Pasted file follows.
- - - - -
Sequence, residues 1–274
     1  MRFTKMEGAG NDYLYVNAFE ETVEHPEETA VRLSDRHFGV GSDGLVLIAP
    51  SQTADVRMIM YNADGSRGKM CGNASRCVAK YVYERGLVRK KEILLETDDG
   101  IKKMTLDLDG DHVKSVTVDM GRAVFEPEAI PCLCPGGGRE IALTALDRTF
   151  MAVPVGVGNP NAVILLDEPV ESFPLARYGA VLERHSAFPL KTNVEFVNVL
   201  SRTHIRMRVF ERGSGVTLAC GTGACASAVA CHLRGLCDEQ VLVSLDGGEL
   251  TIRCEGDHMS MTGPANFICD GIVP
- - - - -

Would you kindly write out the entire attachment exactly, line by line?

Sequence, residues 1–274
     1  MRFTKMEGAG NDYLYVNAFE ETVEHPEETA VRLSDRHFGV GSDGLVLIAP
    51  SQTADVRMIM YNADGSRGKM CGNASRCVAK YVYERGLVRK KEILLETDDG
   101  IKKMTLDLDG DHVKSVTVDM GRAVFEPEAI PCLCPGGGRE IALTALDRTF
   151  MAVPVGVGNP NAVILLDEPV ESFPLARYGA VLERHSAFPL KTNVEFVNVL
   201  SRTHIRMRVF ERGSGVTLAC GTGACASAVA CHLRGLCDEQ VLVSLDGGEL
   251  TIRCEGDHMS MTGPANFICD GIVP